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Socialist societies have been at the heart of the Labour Party since its creation but only one
of the socialist societies who were involved in founding the Labour Party survives – the
Fabian Society. They are a diverse range of organisations and very different in size and
interests including the National Union of Labour Clubs, BAME Labour, Chinese for Labour,
Christians on the Left, Disability Labour, the Fabian Society, the Jewish Labour Movement,
the Labour Animal Welfare Society, Labour Business, Labour Campaign for International
Development, LGBT Labour, Labour Housing Group, Labour Movement for Europe, Labour
Party Irish Society, Labour Students, Labour Women’s Network, Scientists for Labour,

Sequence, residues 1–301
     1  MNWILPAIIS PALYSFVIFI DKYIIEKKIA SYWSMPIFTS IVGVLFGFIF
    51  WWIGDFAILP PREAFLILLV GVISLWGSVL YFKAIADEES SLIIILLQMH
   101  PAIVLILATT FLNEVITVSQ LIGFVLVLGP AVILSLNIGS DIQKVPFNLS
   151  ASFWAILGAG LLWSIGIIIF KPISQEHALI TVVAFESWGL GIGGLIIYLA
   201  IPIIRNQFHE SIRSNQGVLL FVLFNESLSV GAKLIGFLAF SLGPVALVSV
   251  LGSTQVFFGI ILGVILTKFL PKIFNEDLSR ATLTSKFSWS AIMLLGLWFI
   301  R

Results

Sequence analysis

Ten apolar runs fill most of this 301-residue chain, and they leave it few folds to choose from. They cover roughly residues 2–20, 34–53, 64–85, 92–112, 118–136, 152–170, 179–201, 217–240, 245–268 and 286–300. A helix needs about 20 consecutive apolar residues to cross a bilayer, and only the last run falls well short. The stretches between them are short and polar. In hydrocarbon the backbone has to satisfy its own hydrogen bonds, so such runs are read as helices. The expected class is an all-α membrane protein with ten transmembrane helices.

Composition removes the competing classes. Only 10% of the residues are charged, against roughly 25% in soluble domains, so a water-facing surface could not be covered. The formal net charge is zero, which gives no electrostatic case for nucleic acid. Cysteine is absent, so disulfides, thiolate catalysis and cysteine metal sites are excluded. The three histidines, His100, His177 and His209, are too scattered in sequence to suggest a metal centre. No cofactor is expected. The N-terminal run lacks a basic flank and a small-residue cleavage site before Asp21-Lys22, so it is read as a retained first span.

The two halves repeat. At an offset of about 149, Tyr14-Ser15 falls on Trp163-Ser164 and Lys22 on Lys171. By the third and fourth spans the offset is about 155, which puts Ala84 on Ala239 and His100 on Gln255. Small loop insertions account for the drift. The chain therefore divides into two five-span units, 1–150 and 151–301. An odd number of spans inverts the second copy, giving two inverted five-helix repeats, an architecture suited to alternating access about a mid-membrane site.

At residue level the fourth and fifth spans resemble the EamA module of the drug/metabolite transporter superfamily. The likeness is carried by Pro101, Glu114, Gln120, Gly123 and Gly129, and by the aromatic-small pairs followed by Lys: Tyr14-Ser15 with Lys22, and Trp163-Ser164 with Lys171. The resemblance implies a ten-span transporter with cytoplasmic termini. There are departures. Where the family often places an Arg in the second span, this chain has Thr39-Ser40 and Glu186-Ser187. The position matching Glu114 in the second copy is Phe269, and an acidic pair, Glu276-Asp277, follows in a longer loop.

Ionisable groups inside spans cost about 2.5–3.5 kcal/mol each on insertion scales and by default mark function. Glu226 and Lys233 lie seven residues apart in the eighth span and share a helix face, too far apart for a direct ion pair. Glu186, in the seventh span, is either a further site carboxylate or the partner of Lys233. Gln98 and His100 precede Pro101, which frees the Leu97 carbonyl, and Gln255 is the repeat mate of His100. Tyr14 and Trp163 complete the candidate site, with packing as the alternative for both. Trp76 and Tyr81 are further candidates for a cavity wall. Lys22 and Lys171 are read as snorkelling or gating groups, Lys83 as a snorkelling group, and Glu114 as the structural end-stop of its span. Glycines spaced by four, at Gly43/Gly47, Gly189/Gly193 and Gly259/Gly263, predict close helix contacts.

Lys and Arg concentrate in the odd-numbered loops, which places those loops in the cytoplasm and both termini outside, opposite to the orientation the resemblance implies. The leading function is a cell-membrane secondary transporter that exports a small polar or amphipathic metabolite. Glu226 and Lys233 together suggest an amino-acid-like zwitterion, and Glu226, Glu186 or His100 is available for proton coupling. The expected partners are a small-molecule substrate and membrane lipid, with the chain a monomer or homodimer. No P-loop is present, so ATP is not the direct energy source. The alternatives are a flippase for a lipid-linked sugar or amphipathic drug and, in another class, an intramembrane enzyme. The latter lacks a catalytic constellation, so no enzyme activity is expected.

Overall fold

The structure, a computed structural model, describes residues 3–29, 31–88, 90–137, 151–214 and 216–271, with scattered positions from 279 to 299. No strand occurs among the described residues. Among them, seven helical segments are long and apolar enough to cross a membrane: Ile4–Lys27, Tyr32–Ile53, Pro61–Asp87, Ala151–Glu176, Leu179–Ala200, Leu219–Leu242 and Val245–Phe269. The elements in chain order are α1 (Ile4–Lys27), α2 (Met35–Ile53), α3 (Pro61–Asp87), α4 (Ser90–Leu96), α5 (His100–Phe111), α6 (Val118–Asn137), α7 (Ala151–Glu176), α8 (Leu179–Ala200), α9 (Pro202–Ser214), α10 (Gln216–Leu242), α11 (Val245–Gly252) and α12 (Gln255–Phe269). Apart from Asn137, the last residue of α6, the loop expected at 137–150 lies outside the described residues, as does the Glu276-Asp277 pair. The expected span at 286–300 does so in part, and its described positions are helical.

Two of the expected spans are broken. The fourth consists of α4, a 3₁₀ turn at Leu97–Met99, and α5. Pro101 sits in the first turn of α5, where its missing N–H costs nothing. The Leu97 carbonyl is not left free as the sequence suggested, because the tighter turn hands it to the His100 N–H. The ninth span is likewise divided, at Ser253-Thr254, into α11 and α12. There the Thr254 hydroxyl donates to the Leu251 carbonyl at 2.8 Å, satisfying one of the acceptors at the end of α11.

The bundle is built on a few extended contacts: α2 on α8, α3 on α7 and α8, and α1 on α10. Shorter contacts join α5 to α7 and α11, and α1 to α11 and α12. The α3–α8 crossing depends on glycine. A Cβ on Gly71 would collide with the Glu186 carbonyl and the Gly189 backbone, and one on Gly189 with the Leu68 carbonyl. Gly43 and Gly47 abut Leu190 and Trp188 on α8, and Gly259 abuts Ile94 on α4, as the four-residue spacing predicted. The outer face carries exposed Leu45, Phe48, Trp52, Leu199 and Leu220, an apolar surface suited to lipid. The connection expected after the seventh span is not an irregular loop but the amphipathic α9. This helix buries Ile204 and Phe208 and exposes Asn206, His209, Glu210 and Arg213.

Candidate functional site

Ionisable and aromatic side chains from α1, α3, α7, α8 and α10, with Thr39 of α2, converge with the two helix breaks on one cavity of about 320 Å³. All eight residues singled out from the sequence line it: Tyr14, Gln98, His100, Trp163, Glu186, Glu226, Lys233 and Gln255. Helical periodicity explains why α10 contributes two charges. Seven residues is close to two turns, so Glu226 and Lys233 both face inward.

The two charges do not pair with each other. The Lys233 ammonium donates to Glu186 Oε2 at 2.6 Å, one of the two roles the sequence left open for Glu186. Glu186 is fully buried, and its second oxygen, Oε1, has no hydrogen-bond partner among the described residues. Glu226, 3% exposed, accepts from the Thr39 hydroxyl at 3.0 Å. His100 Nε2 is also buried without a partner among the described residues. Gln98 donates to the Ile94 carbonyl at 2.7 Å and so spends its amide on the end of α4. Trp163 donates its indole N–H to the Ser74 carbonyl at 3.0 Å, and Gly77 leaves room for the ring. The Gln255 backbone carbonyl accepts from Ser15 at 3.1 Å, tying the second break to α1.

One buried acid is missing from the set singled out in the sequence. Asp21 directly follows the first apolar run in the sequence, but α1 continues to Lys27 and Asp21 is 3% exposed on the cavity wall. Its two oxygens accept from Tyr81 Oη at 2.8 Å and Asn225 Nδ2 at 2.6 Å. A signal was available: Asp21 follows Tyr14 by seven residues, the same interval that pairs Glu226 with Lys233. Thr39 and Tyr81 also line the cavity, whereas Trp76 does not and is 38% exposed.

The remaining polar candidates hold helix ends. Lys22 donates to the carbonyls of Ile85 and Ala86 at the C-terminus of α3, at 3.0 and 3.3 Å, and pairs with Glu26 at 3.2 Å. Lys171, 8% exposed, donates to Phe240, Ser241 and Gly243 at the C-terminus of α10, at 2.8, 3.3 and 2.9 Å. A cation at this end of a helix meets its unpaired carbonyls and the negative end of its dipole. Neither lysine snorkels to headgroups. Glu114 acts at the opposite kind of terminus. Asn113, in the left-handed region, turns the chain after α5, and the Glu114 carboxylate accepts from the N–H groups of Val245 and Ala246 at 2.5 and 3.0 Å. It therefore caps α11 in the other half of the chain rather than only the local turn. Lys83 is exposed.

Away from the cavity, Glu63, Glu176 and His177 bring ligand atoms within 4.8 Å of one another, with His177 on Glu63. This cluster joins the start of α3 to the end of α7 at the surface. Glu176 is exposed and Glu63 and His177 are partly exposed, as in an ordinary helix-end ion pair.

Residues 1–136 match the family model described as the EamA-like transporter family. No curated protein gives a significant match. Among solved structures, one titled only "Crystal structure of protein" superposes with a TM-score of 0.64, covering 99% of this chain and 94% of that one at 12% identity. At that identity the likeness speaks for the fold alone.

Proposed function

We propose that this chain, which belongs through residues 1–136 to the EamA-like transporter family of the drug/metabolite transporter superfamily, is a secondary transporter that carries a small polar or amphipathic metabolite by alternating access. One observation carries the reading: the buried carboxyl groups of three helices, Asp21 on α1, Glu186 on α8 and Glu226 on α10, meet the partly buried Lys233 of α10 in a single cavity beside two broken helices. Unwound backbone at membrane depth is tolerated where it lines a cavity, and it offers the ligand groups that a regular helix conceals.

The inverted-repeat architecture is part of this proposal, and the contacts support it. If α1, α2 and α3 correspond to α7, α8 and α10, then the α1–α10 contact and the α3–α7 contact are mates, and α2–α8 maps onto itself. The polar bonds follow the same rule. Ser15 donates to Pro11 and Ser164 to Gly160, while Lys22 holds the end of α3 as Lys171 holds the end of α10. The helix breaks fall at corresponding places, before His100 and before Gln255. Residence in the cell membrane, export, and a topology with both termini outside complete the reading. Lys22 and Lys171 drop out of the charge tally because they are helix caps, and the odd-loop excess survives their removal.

Socialist Environment and Resources Association (SERA), Socialist Education Association
(SEA), Socialist Health Association(SHA) and the Society of Labour Lawyers.
To become an affiliated socialist society an organisation needs to provide its constitution,
audited accounts for the last three years and accept the programmes, policy and principles
of the Labour Party. They must have been in existence for at least three years and normally
for five years. It must be a national membership organisation and its work should cover a
broad area of policy or activity of substantial interest to the Party. They will normally have
at least 500 members or a plan to build to 500 members or an appropriate proportion of
eligible members.
Socialist societies who affiliate to Labour and are involved in our structures report a
significant increase in their membership over recent years. Socialist societies have also
provided a path into the wider Party for many members.
With the exceptions of Labour Students and BAME Labour who are discussed elsewhere in
this report, there are ten socialist societies who currently affiliate 500 or more members
and nine socialist societies who affiliate fewer than 500 members. They collectively affiliate
just over 20,000 members. The socialist society which affiliates the most members is the